9 After they’d kissed, or not, and made up (ditto). Louis rode her coattails when she was taking off, then dumped her.


Long as I’m reminiscing, there was this band I worked with which was led by a guy with a brick brain. During the recording of their Absolute Truth album (whose cover featured the bassoon player dressed in a tutu holding a pipe wrench), the record company guy came to the studio and complained that the tempo of one song was erratic. Insulted, Brickhead went to the opposite extreme and had the song set to a click-track, which destroyed its lilting, semi-reggae beat. I said “It’s ruined, the life’s been drained from it” and he said “That’s right, I showed him,” so the inferior version went on the album. It was as true a Triumph Of The Will as Whatshismustache’s. (I have a tape of the original) ... I keep clipping ridiculous photos in the paper (news shots with blurred people) to hold them up to the camera on the tv show, just like people who exercise their amputated limbs ...

Readin’ & Rockin’

In his liner notes to a 1991 Bobby Darin best of CD, Ken Emerson holds forth with the ‘context’ for rock idealogues’ (crits) discovery that pop rock was important: “Concurrently, in the more high-falutin’ realm of philosophy, existentialism and its buzz word (10), ‘authenticity,’ fell out of favor, to be succeeded by deconstructionism and other post-modern modes of irony and skepticism.”

Splish splash I was takin’ a bath - ironically and deconstructionalistically!

10 People right now use ‘buzz’ like it’s fresh and special.

Talking ‘Bout That Generation Gap

There was no adult rock & roll in 1963; it was still kid music. So when James Bond, a suave symbol of the Playboy lifestyle of the adman-led early 60s, leaves the room to get something special (champagne?) in “Goldfinger,” he tells his female roommate that having ‘this’ without ‘that’ (you go check) “is like listening to the Beatles without earmuffs.”

- 57 -

Mark On The Move

In the ‘70s, when I lived in Claremont and ran the Rhino Records store there, I met Chris Darrow, the multi-instrumentalist, singer and songwriter who co-founded the psychedelic-world music-folk group Kaleidoscope, played with The Nitty Gritty Dirt Band, James Taylor, John Stewart, Linda Ronstadt etc. and was a guru to many young Claremont musicians who congregated at Rhino Records and the Folk Music Center across the street. (The Folk Music Center had been a focus of the Jackson Browne-David Lindley-Chris Darrow-Ry Cooder axis in the sixties when the owners’ grandson Ben Harper was toddling around, several years before his emergence in the next musical generation.)

I went to McCabe’s to see a tribute to Chris on the occasion of the re-release of two of his early-seventies albums Under My Own Disguise and Chris Darrow, and he showed up to play a few tunes between performances by others (including his son Steven) performing Darrow originals and songs associated with him. Mid-way in the 2-hour show, Chris played lap guitar on a couple old tunes and a new one called “Gospel Truth” which showed his songwriting and playing skills haven’t diminished since his semi-retirement (this was his first gig in about 6 years). Other highlights were Ben Harper’s passionate versions of “Whipping Boy” and “To Which Cross Do I Cling” and a trio led by Jonathan Wilson doing a spacey version of “Don’t Let Your Deal Go Down” which wouldn’t have sounded out of place at the Fillmore West in ’68. A link to some Darrow tribute photos http://whenyouawake.com/2009/03/03/in-living-color-chris-darrow-tribute/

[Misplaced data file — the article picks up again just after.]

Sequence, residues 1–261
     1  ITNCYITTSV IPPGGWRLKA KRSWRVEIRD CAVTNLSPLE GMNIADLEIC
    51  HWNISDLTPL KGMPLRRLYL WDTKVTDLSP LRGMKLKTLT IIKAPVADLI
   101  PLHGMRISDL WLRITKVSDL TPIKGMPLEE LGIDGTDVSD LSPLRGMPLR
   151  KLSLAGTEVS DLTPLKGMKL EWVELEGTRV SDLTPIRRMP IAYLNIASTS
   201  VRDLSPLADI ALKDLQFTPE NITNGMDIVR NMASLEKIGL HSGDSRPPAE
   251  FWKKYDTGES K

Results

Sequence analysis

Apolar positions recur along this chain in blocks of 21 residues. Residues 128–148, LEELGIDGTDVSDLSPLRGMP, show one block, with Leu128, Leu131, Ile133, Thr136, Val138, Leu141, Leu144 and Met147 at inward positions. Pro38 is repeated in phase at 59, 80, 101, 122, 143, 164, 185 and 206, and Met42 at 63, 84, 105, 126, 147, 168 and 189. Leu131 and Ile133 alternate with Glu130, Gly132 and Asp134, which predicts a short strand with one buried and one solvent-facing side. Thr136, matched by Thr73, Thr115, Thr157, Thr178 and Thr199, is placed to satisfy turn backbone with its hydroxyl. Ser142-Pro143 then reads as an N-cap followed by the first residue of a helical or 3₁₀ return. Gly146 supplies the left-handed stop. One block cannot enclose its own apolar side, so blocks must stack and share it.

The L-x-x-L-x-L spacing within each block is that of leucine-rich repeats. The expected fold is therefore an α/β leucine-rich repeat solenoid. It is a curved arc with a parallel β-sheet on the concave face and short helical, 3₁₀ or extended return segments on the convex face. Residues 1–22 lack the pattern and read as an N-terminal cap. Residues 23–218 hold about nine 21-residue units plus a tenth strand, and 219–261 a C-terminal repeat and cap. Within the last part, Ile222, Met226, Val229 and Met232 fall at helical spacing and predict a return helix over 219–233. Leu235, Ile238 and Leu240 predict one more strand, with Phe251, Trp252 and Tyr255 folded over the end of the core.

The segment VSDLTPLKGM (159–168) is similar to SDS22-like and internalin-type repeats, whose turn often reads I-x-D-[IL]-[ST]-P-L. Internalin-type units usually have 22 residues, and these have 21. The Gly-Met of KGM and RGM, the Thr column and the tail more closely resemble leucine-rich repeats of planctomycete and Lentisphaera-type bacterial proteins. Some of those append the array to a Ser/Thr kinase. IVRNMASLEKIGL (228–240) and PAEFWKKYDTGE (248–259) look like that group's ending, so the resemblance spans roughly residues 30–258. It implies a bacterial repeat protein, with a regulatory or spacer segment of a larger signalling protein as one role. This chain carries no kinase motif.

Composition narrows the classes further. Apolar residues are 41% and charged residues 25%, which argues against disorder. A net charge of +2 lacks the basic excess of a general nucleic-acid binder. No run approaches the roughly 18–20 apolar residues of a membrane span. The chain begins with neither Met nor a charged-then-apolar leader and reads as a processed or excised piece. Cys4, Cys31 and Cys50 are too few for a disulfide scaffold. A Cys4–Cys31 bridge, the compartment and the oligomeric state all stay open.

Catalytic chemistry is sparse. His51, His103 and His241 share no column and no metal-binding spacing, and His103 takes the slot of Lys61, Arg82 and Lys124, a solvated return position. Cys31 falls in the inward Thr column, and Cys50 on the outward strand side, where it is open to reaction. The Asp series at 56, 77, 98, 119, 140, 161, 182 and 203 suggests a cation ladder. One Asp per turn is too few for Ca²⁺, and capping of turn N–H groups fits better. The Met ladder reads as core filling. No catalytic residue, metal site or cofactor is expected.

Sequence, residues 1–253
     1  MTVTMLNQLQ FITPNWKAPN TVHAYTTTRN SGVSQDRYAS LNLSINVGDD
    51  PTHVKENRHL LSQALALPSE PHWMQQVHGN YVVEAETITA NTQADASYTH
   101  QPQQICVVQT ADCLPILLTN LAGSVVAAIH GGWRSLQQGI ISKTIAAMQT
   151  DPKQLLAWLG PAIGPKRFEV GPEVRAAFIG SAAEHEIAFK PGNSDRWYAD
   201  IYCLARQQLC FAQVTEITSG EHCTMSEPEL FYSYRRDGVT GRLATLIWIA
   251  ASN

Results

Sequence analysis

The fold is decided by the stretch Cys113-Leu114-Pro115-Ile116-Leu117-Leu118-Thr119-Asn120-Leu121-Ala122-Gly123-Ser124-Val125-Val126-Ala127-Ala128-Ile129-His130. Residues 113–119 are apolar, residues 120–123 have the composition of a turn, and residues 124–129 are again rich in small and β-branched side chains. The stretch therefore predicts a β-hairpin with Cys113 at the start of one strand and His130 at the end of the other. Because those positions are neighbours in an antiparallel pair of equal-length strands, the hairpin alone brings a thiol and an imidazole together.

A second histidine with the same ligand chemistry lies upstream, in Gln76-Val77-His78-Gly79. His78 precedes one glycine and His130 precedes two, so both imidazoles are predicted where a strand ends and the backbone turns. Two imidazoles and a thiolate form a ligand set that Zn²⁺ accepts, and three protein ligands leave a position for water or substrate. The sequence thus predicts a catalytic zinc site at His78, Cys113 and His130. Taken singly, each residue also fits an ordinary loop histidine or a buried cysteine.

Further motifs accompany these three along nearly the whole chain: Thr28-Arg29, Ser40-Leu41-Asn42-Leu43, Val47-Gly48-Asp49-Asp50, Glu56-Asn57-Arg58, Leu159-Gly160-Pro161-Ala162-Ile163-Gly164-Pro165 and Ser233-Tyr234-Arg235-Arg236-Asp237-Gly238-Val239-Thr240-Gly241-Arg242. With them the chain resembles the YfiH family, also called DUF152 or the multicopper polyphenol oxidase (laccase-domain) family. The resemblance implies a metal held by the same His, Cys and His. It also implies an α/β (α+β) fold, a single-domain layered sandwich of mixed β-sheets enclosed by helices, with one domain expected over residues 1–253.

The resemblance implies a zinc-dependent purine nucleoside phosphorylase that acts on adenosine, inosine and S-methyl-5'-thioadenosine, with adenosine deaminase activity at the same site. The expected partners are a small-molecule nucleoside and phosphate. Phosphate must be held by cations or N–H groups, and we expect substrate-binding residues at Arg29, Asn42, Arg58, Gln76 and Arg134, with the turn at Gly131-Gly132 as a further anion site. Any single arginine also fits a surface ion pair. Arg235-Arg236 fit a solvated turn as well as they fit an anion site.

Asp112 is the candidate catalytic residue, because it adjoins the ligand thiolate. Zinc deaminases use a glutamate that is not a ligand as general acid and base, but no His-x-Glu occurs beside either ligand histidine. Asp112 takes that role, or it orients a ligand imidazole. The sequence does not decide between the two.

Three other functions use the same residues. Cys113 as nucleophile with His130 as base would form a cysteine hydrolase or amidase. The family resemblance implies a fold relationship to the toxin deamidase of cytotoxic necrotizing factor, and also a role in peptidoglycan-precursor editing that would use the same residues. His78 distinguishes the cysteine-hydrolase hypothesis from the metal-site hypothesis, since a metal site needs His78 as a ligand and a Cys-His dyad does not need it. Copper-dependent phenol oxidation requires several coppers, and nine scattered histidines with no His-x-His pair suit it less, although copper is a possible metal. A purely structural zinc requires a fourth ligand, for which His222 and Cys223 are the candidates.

A few weeks earlier McCabe’s hosted Stan Ridgway, who spun tales and sang songs spanning his time with Wall of Voodoo through his current work with his wife Pietra Wexstun, who played keyboards and the occasional odd sound effect. (Stan also told a funny story about getting into an altercation with Mickey Rourke around the time he and Stan worked on the film Rumblefish.) WoV “alternative hits” including “Tomorrow” and “Mexican Radio” flowed well with Stan’s solo work like “Camouflage” and “The Big Heat.” (When he’s at his best, Stan can match the first-person creations of Warren Zevon or Randy Newman.) He also debuted new compositions including “This Town Called Fate” and “Turn a Blind Eye” from an upcoming album Desert of Dreams.

And Robyn Hitchcock’s got a new one too, Goodnight Oslo, which he previewed during a short set at Amoeba Hollywood. Everything sounded great, with Grant-Lee Philips and Bill Rieflin providing stellar back-up and Robyn doing his usual off-the-cuff wandering intros. With Robyn you get a person stranger and more genuine than nearly any other performer – Peter Gabriel with a Lenny Bruce brain. Robyn’s performance of an older song, “Ghost Ship,” was breathtaking. Who else writes lyrics like “The glassy chequered engine room/The speechless silence of the tomb/The manuscripts inside the womb unfurl/A girl/Translucent as a jellyfish/That palpitates upon a dish”? Okay, maybe Dylan.)

After that, at Cozy’s, I saw Pat DiNizio do a terrific 2-hour show promoting his new album of Buddy Holly songs, mixing in Smithereens classics and stories of his current career on the “house-concert circuit.” Not many people showed up to see him, but he gave his all.

-- Mark Leviton

(Mark’s sixties-themed radio show Pet Sounds can be heard alternate Mondays 10pm-Midnight PST on KVMR-FM 89.5 in the Sacramento area and streaming at www.kvmr.org )